I know that everyone has their own personal preferences when it comes to choosing cards and sets to collect. But regardless of what people collect, I have to give credit to companies like Leaf and Topps for thinking outside of the box when they decided to use simulated wood grain material, instead of standard cardboard with these inserts.
In my end of the month Check Out My Cards spending spree, I was able to add six of them to my collection:
1996 Leaf Limited "Lumberjacks" #7
Leaf started producing the Lumberjacks insert line in 1995 and followed it up in 1996, but abandoned it after two years. Both insert sets include some of the best hitters in the game and are serial numbered to 5000.
1996 Leaf Limited "Lumberjacks" Sample #7
In 1996, Leaf sent out sample cards out to dealers. From what I gathered, there appears to be a "sample" version for all ten cards in the set. In addition to those, Leaf also produced a "black" parallel that was numbered to only 500.
Leaf didn't just use the simulated wood grain in their high end products, they used it in their base product too.
1996 Leaf "Picture Perfect" #6
While "Lumberjacks" focused only on hitters, they actually included a pitcher in their "Picture Perfect" set. Unfortunately, there wasn't a reasonably priced Greg Maddux listed on COMC, so I settled for the discounted Tony Gwynn. Like their "Lumberjacks" counterparts, they too are serial numbered to 5000.
1997 Leaf Knot-Hole Gang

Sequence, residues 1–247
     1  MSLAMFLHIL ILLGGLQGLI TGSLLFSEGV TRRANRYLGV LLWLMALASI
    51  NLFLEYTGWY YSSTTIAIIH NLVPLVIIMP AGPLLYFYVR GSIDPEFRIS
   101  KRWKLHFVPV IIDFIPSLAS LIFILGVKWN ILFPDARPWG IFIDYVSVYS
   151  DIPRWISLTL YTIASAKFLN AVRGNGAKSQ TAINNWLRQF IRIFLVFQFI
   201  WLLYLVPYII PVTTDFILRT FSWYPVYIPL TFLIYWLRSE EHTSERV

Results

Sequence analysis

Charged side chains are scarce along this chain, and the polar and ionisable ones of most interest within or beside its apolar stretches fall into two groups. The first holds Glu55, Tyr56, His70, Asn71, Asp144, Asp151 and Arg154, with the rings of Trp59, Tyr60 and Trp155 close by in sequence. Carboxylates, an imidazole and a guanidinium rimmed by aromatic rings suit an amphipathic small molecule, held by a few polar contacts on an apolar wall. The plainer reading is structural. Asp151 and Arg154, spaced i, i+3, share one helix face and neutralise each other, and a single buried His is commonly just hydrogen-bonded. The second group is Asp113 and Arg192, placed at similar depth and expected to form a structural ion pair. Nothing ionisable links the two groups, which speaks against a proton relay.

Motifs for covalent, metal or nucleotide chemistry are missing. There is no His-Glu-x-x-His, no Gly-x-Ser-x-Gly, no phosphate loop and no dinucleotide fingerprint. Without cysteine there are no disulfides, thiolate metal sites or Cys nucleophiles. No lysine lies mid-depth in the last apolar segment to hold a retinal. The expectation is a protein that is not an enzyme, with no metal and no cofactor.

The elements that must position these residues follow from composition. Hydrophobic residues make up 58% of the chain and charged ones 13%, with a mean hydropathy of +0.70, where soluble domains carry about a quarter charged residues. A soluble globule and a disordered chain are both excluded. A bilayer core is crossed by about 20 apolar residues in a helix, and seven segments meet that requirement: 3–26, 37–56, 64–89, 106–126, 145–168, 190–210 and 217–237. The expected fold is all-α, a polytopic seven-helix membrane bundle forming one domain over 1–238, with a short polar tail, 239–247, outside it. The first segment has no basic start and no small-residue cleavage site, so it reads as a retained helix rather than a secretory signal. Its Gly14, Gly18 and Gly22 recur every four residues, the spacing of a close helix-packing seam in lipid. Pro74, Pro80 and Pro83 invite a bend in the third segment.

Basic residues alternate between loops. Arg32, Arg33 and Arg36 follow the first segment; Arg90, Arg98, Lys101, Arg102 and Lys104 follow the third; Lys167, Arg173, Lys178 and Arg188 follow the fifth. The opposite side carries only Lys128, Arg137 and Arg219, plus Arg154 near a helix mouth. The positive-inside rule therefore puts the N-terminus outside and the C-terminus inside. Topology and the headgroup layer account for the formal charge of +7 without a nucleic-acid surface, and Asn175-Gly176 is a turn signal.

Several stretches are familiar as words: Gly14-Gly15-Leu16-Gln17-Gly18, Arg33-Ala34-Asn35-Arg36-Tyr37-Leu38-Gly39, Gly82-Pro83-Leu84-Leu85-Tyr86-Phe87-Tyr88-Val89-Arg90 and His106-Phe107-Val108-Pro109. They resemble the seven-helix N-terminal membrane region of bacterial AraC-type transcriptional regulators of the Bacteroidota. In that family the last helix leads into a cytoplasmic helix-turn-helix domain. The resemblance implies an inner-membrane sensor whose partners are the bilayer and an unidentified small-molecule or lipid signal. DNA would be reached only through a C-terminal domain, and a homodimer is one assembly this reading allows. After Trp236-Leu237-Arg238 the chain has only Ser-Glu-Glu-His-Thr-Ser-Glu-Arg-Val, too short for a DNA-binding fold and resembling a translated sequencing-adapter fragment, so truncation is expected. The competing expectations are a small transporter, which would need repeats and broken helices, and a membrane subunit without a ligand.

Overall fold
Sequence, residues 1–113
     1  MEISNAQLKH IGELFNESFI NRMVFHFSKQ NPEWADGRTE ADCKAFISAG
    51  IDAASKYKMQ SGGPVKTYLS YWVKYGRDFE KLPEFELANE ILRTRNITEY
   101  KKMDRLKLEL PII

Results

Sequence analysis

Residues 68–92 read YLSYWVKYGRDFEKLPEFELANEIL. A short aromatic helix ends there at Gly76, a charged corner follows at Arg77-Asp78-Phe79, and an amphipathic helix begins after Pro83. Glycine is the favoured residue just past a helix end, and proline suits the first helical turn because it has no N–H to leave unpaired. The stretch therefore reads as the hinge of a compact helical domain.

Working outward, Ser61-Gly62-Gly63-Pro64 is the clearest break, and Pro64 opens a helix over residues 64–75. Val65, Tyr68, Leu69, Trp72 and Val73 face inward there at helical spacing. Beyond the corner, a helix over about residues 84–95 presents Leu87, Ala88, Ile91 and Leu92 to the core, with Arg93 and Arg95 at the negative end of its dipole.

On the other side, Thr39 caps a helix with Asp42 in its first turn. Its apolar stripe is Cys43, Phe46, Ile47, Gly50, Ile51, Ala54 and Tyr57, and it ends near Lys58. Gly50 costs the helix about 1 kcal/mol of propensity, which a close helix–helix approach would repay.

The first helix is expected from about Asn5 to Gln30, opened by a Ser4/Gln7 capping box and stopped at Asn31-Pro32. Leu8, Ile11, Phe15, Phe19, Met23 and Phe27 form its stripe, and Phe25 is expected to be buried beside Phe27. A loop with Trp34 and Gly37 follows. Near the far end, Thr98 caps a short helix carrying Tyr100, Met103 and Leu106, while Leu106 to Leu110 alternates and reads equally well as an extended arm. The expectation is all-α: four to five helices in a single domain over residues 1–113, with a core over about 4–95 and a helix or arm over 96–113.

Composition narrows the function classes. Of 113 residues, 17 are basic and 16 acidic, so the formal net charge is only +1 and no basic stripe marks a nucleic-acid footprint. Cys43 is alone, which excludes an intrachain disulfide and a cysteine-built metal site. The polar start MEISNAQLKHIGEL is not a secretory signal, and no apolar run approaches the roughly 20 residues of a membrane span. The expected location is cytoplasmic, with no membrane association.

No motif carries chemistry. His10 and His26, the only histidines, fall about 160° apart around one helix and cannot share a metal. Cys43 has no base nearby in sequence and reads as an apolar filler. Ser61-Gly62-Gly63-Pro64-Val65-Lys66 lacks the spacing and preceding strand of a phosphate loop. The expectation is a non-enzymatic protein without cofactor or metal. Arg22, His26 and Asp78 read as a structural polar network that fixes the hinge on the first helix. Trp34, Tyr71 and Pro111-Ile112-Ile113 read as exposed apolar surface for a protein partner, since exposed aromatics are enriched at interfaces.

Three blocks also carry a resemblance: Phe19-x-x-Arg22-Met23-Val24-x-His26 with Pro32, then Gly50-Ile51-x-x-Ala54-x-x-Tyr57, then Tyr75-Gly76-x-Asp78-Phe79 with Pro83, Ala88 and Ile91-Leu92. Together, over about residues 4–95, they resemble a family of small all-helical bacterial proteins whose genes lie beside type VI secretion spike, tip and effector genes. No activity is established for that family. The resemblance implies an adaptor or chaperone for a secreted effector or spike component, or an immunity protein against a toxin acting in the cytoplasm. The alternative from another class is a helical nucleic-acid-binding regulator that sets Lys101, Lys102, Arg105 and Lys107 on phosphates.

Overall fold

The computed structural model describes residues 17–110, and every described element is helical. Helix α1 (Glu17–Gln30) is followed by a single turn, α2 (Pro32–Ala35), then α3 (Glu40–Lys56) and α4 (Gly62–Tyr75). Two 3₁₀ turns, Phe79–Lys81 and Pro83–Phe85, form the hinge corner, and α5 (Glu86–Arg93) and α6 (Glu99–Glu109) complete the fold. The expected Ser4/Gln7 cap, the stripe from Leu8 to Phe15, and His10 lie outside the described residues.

The following year, Leaf created a new insert set using the same technology. This time instead of printing the player's photo on the "wood", they used a color photo as the centerpiece and matted it with the "wood". They also used a die-cut top edge to make it look like a fence. If you're looking for a great looking, affordable set to build... I definitely recommend this one.
1997 Topps "Team Timber" #TT5
The final "wood" card I purchased was this Topps insert. Unlike Leaf, Topps decided to put a special coating on the front, so you can't actually touch the "wood" on one side. However they made up for it by adding more statistical data on their card backs compared to the Leaf inserts.
When the shopping spree was over, I ended up dropping $11.52 on these six cards. The cheapest card was the Frank Thomas, which I snagged for $1.15... while the most expensive was the Chipper Jones "Lumberjacks" insert. I dropped $2.95 for that card, but felt I had to have that card since I was buying the "sample" parallel too.
So what do you think of these? Is it your cup of tea?
Happy Tuesday and sayonara!